Learning Diary, Week 4

Neurotransmitter systems are the complex and interconnected mechanisms that orchestrate chemical signaling in our nervous systems. Chapter 6 of Neuroscience introduced many more terms and abbreviations, here I will outline some of the bigger picture categories and functions gleaned from this week’s reading.

There are 3 major classes of neurotransmitters, these are: amino acids, amines, and peptides.

Of the amino acids, 3 major subtypes are glutamate, GABA, and glycine. Glutamate is the most common excitatory transmitter in the brain, while GABA and glycine are the most common inhibitory transmitters within the brain and spinal chord respectively. Amino acids are present in most chemical signaling functions.

There are 5 key subtypes of monoamines: serotonin, histamine, dopamine, epinephrin, and norepinephrine, the latter 3 of which belong to the category catecholamines. Monoamines are vital for higher level functions like attention, cognition, and emotion.

Peptides are chains of amino acids. One important group of peptides are opioids, which are relevant to the perception of pain.

There are other important neurotransmitters that don’t fit into those 3 major categories, such as acetylcholine, which is released by most neurons in the ANS. Acetylcholine is also used by motor neurons which synapse onto skeletal muscle and trigger movement.

There are 3 rules for what distinguishes a neurotransmitter:
1 – They must be made/stored by/in the presynaptic neuron
2 – They must be released into the presynaptic axon terminal when stimulated
3 – They must create the same effect in the postsynaptic neuron as was triggered by release in the presynaptic neuron

Neurotransmitter systems include the mechanisms for transmitter production, packaging, reuptake, and degradation/recycling. I find flowcharts and lists particularly helpful for memorizing systems with procedural elements, here are those included in neurotransmitter systems:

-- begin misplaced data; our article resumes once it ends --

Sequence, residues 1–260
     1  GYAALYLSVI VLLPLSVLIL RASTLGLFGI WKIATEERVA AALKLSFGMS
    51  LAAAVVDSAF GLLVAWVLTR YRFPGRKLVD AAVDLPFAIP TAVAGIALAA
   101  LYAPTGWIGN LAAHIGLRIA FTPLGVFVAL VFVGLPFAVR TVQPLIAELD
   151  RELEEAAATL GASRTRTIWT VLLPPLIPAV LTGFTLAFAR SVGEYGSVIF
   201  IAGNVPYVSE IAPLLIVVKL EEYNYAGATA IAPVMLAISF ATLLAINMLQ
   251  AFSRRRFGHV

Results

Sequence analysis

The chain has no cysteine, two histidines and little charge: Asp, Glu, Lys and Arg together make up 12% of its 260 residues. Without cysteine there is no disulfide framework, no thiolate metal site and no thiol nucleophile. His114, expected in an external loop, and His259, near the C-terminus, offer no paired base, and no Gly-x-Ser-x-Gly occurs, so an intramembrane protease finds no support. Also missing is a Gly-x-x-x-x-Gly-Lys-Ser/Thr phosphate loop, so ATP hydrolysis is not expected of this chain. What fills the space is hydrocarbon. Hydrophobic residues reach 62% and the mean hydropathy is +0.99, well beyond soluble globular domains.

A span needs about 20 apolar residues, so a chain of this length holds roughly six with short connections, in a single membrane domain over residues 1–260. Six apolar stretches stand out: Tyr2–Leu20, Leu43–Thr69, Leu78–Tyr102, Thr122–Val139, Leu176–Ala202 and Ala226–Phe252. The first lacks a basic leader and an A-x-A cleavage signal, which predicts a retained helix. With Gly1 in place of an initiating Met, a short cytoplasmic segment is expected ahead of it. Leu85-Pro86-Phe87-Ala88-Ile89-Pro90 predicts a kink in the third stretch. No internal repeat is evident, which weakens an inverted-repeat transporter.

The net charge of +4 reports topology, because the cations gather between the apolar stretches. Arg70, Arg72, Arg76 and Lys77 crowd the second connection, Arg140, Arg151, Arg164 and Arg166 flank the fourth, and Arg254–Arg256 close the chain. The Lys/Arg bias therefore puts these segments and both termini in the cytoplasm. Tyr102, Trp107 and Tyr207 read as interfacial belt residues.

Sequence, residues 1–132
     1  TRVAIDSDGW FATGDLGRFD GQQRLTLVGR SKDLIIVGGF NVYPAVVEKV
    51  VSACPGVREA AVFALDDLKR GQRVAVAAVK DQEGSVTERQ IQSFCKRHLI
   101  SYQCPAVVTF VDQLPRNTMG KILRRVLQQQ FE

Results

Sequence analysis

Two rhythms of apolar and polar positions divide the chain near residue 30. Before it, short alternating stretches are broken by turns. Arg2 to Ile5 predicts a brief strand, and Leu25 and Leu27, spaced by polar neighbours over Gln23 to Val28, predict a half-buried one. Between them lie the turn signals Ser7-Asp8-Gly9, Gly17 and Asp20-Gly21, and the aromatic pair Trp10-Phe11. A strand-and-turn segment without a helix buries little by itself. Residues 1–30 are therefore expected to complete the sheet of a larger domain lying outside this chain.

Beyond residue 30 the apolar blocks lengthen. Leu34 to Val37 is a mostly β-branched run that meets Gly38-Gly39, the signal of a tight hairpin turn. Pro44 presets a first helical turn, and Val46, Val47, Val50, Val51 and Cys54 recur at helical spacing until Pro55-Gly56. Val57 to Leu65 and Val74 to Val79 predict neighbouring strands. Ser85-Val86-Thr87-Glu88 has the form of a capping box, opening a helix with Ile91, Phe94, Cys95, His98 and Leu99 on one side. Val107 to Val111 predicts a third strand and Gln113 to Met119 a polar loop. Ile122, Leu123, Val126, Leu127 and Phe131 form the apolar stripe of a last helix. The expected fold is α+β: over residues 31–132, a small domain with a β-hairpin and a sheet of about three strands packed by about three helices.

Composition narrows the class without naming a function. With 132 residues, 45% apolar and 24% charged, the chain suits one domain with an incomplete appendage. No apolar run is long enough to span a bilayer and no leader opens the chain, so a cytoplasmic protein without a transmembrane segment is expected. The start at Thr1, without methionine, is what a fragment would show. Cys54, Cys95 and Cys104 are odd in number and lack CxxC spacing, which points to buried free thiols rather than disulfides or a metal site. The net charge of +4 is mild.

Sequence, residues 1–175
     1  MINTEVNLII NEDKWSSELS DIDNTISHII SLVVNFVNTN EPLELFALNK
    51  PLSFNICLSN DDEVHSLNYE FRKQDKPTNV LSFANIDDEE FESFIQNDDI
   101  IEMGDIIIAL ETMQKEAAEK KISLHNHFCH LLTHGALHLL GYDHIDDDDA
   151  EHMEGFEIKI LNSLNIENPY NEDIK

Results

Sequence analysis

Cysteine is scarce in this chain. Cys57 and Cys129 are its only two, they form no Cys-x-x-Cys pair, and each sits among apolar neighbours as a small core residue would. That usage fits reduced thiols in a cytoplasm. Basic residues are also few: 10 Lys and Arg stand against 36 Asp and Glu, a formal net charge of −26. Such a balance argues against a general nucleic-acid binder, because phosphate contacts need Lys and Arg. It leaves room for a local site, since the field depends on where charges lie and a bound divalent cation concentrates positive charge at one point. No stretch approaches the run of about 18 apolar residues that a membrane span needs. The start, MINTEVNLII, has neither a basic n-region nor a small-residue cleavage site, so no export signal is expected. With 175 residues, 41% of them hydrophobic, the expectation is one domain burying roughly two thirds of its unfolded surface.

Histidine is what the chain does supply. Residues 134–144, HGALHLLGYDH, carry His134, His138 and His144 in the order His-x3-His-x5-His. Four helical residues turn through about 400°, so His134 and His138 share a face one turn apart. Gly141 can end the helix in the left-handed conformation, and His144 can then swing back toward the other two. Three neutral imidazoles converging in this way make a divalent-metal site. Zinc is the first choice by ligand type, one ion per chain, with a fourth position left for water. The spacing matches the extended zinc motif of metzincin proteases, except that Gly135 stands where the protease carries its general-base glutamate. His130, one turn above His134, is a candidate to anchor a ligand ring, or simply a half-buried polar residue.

1. Presynaptic axon terminal
2. Neurotransmitter-synthesizing enzymes
3. Synaptic vesicle transporters
4. Reuptake transporters
5. Degradative enzymes
6. Transmitter-gated ion channels
7. G-protein-coupled receptors
8. G-proteins
9. G-protein-gated ion channels
10. Second messenger cascades
11. Postsynaptic dendrite

The parallel processes going on at any moment in our neurotransmitter systems makes me think of it like an intricately-timed composition. There are so many inputs and outputs – trying to get a handle on the different abbreviations reminded me of learning a new coding language, but our nervous systems have more variables than a computer operating on a binary level.

One of the things that sparked my interest in the book was the mention that calcium is likely important in the formation of memory, via chemical traces. This section didn’t go into much depth, but I am excited to learn more about that in later chapters. This reminded me that I read an article recently about some people are attempting to reinvent computer architecture to mimic brain function through combining transistors and memory capacity on the same circuits (American Institute of Physics, 2020) – I wonder how such neural mimicry would integrate neurotransmitter function?

Citation

American Institute of Physics. (2020, January 15). Reinventing the computer: Brain-inspired computing for a post-Moore’s Law era. ScienceDaily. Retrieved October 4, 2020 from www.sciencedaily.com/releases/2020/01/200115120637.htm

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